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I propose to take Questions Nos. 258 to 260, inclusive, and 274 together.

Credit unions are regulated by the Registrar of Credit Unions within the financial regulator. They are regulated primarily in accordance with the Credit Union Act 1997.

The decision to maintain a distinct regulatory structure for credit unions within the financial regulator was a deliberate one, designed to reflect their particular volunteer and community-based ethos. This ethos was already reflected in the Credit Union Act.

The Credit Union Act lays down, not only prudential and consumer protection rules, but also the separate and distinct legal structure from which credit unions benefit. This includes the rules governing the conditions for registration as a credit union and the procedure for the appointment of boards of directors, supervisory committees, credit committees, credit control committees and membership committees.

Oversight of the system laid down in the Act is the responsibility of the Registrar of Credit Unions, who occupies a statutory post within the financial regulator. The core function of the registrar is to take such action as appears necessary, within the terms of the legislation, to protect the savings of credit union members. In discharge of his duties, the registrar is free to issue to credit unions such guidelines as he considers desirable. The regulator also issues such guidelines to other sectors. Their general purpose is to provide advice and information regarding best practice to financial institutions. They are intended to support the continued development of an effective and efficient regulatory system that underpins the maintenance of financial stability and the protection of the consumer.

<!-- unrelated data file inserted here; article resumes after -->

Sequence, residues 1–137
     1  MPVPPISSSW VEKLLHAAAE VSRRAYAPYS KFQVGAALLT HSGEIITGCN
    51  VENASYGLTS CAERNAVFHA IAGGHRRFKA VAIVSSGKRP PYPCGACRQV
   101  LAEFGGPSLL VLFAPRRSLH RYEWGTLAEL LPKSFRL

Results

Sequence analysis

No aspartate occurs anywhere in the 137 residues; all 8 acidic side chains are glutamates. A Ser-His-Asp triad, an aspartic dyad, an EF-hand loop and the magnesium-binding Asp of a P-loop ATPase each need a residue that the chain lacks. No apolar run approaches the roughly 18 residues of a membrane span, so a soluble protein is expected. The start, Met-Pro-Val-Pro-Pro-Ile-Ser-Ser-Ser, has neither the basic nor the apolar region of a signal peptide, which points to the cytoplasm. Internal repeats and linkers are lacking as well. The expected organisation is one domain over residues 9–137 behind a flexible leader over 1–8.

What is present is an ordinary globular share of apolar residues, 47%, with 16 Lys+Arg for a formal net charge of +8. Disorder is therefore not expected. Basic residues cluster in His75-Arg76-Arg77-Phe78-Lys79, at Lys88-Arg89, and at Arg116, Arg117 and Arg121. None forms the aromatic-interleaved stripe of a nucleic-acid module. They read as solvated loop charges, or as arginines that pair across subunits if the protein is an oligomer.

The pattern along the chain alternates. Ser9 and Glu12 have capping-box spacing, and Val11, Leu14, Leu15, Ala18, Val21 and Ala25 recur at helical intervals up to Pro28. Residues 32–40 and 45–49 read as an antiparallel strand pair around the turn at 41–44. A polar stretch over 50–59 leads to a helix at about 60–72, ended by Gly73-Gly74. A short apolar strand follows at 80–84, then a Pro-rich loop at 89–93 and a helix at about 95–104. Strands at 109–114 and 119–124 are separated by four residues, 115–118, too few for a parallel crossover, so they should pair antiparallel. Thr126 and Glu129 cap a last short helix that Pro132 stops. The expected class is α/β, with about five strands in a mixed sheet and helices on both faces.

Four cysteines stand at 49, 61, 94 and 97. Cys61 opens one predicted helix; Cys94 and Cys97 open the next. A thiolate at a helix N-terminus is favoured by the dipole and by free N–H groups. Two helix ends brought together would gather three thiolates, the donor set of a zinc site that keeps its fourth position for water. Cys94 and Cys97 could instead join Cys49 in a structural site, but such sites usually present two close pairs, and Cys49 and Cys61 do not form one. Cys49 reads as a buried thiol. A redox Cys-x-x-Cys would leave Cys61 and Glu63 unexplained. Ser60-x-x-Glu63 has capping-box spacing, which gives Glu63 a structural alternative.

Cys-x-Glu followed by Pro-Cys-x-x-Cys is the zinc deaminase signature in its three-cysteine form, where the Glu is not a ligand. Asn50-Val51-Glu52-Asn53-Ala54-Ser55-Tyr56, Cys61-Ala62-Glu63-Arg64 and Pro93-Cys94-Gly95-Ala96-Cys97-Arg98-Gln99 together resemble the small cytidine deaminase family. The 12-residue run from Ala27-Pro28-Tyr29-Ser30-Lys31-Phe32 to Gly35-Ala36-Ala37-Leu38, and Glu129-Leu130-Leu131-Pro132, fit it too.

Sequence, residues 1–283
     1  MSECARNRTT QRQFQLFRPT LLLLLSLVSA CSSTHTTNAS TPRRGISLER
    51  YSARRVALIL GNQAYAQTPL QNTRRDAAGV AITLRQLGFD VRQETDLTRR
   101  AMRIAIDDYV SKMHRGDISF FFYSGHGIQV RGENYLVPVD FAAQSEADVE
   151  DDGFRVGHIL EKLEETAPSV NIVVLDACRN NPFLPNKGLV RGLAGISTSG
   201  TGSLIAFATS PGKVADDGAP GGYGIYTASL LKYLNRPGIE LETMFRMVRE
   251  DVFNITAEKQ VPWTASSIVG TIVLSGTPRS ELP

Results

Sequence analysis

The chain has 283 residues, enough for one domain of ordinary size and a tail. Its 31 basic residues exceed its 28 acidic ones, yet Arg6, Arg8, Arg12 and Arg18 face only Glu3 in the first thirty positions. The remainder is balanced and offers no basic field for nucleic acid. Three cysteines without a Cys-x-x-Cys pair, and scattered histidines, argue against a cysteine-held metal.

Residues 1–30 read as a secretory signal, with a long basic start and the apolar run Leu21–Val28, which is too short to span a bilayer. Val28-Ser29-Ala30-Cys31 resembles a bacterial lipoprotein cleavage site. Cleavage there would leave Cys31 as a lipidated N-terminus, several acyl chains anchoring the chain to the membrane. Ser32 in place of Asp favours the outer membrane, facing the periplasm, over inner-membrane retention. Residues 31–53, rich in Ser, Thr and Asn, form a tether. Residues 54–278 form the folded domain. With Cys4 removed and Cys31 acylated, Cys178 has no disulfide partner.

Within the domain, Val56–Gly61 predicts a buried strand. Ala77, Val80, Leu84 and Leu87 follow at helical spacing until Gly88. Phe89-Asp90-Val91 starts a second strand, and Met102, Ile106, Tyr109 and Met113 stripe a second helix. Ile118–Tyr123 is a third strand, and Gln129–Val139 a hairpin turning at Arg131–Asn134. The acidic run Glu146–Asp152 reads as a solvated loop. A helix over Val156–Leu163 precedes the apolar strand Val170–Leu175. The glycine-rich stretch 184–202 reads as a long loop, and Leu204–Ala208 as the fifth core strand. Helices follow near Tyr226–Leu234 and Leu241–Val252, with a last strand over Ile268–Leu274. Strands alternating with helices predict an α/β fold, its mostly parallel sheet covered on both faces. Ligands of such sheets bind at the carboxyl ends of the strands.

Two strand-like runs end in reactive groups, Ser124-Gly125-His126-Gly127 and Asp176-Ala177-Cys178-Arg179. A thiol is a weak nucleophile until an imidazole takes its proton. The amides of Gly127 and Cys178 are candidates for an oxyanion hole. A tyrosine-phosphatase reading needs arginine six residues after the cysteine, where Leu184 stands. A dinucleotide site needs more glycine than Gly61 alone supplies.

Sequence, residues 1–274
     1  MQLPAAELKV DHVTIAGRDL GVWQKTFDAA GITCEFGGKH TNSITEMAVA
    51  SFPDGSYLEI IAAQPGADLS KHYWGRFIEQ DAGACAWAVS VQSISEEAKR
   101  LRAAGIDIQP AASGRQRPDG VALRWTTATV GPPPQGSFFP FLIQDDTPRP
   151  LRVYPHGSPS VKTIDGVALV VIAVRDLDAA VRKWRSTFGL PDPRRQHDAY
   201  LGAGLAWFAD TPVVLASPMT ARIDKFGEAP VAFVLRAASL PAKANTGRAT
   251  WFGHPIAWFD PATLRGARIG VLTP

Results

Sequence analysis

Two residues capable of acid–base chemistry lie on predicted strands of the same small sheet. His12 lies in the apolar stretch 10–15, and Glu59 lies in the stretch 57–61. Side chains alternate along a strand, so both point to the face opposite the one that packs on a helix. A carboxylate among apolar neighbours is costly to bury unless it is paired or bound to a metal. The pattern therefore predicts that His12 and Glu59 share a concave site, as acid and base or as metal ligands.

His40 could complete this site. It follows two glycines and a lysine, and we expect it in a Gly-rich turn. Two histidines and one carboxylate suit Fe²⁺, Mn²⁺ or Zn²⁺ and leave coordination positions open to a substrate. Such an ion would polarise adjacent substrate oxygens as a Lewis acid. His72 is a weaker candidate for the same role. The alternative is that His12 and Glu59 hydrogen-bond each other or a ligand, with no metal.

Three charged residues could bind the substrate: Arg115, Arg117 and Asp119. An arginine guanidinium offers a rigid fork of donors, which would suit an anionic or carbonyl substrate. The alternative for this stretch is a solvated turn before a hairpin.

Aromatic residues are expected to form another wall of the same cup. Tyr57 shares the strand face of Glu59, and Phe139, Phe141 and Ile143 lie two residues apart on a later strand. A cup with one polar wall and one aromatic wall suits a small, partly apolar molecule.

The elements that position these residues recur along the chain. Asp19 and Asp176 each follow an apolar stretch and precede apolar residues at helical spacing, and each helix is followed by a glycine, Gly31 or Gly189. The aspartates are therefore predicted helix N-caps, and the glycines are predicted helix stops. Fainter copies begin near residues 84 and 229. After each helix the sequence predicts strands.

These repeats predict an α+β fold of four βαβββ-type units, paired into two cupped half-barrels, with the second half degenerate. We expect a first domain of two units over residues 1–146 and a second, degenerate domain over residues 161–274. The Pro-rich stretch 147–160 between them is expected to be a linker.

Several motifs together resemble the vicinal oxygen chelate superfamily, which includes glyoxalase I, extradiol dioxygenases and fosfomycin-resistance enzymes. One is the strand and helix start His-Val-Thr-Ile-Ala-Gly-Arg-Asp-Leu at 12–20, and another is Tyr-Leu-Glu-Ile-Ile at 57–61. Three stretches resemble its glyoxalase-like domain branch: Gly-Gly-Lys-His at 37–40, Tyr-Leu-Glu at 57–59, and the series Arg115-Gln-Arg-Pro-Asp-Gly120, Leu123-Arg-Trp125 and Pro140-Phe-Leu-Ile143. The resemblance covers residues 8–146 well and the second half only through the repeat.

The manner in which the registrar carries out his supervisory duties under the Credit Union Act, including any guidance notes that he chooses to issue or meetings he chooses to arrange, are solely matters for the registrar, subject to any directions or guidelines that the regulatory authority may issue to him. It is a matter for credit unions themselves to address any training requirements that might arise for officers and staff of credit unions.

I am aware of views being expressed about the possible need for changes to the Credit Union Act to reflect the changing role of credit unions in present-day Irish society. Such views have been expressed by credit union representative bodies as well as by the registrar. I am also conscious of the demands that the credit union regulatory system can impose on volunteers and the need to ensure that the regulatory burden is proportionate to the objective of protecting the savings of credit union members. I am aware that the registrar has been consulting widely with a view to encouraging the maximum consensus on changes to the regulatory system. I have also asked the credit union advisory committee to advise me on the need for such change.